The last of the Hellions of Havisham is the hero of The Viscount and the Vixen by Lorraine Heath.
Actually, I wouldn’t exactly call Portia, the heroine, a vixen. When I think of that term, I think of an overly flirtatious young miss. Portia is way too knowledgeable and overtly provocative to qualify as merely a vixen.
She also is hiding a whopper of a secret. She arrives to marry Locke’s father, some decades her senior. Locke decides to protect his father and marries her himself. After all, he does need an heir, but he has no intention of loving anyone as much as his father loved his late mother. Her loss only led his father to madness. There’s no chance Locke will fall in love with this little gold digger.
But apparently dear old dad wasn’t so crazy after all. He engineered the whole thing, somehow knowing the two would be ideal for each other.
This book is rather racy for me, but the pair are hard-working, kind, and most importantly forgiving.
I confess I have never been a Debbie Macomber fan. Her books have struck me as more goody two shoes than I could bear. i always turned to the tales of dukes and earls for my leisure reading.
Now, however, I find myself writing stores that are similar to those Macomber has long been famous for. I am all about good people, happy ever after, and small town charm. I don’t presume to have her skill; I’m still very much a novice novelist. But in trying to approximate what she does, I have gained respect for her as an author.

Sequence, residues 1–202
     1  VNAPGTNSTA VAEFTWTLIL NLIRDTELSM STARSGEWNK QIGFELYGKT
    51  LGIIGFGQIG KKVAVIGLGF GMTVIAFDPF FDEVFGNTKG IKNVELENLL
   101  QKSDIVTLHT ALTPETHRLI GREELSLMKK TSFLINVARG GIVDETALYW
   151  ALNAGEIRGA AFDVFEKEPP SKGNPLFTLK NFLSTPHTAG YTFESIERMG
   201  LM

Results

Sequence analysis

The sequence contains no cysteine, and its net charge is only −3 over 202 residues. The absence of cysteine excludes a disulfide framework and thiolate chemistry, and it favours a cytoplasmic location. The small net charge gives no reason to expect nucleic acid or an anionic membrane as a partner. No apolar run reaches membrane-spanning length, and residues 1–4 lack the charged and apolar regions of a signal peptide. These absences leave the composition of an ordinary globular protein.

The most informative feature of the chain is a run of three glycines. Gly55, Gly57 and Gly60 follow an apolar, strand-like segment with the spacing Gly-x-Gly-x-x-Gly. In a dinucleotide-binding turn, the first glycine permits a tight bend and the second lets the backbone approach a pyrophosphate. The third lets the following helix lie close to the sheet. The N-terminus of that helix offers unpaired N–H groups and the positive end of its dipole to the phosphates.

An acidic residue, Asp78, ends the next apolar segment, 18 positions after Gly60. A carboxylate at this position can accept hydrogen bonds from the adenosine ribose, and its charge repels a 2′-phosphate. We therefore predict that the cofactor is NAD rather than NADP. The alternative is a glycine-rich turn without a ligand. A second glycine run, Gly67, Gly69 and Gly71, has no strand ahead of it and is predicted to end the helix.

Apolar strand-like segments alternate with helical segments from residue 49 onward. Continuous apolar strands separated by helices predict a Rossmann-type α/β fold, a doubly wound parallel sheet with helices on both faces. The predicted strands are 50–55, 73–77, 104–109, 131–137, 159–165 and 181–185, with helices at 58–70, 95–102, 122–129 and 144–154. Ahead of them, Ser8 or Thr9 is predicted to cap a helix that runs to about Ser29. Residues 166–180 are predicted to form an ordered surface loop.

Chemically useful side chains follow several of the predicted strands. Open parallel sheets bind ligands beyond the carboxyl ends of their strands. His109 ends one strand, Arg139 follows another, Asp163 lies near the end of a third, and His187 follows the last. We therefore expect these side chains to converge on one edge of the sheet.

Twelve Days of Christmas hits just the note we need for the season and for the climate of the country right now too. The heroine is impossibly cheery and sweet. The hero is a modern day Scrooge who falls victim to being “killed with kindness.”
As a blogger myself, I could also relate to the heroine’s struggle to gain readership.
If only real life could be as wholesome as the world Macomber creates, we’d all be a lot happier.
P.S. Southern Hospitality, the second book in my Calusa series will be out this week.
I had read and enjoyed the previous Heartbreaker Bay book by Jill Shalvis, so I was eager to read her novella One Snowy Night.
I’m working on book two of my own series and trying to read more books set in small towns. Even though the Heartbreaker Bay series is set in San Francisco, its close-knit cast of characters make it function like a little town. They all know each other’s secrets and have each other’s backs.
The couple in this one went to high school together, but their paths hadn’t crossed again until Rory came to work for a dog groomer near Max’s office. He’s heading home to Tahoe and. at her boss’ behest, insists she ride with him rather than take multiple buses and trains on Christmas Eve. She’s desperate to keep her promise to go home for the first time in years, but the weather isn’t cooperating.
Like the first book, this one includes a big, lovable dog, breezy writing, and good-at-heart people.
A nice Christmas present.